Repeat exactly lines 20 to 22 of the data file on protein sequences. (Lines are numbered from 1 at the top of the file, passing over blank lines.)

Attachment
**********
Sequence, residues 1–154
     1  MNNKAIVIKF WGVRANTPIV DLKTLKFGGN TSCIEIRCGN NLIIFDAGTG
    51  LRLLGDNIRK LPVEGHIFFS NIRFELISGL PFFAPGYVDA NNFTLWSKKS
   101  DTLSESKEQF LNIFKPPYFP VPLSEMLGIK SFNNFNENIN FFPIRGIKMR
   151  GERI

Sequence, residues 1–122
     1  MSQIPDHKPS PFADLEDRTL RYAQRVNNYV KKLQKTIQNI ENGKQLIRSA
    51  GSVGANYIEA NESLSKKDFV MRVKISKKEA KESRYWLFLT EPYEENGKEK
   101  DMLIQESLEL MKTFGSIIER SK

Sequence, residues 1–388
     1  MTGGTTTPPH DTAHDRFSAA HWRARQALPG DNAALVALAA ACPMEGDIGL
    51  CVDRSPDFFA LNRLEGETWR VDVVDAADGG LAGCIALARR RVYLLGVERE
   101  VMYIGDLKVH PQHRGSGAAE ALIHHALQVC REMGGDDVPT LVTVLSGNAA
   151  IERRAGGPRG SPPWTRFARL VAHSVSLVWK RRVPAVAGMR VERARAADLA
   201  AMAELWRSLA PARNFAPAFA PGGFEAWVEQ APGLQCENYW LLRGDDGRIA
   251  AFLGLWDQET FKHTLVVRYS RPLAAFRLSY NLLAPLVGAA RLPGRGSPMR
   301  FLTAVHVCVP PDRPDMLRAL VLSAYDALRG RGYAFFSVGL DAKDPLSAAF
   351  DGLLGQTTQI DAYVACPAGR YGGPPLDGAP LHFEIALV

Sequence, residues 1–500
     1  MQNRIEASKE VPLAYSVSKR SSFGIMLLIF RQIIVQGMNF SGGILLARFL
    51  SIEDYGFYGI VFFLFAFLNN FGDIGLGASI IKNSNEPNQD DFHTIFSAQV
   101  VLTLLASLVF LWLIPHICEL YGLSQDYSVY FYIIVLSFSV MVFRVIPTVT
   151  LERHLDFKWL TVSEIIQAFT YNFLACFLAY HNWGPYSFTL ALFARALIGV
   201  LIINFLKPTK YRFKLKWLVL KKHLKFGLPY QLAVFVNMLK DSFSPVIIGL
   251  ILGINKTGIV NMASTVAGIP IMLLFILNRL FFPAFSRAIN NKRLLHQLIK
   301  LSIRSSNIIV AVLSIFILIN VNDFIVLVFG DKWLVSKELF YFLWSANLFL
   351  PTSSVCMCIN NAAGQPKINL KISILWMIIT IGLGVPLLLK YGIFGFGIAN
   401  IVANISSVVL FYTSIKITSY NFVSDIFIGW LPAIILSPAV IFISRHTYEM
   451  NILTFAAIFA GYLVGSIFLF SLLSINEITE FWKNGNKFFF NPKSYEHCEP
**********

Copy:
     1  MQNRIEASKE VPLAYSVSKR SSFGIMLLIF RQIIVQGMNF SGGILLARFL
    51  SIEDYGFYGI VFFLFAFLNN FGDIGLGASI IKNSNEPNQD DFHTIFSAQV
   101  VLTLLASLVF LWLIPHICEL YGLSQDYSVY FYIIVLSFSV MVFRVIPTVT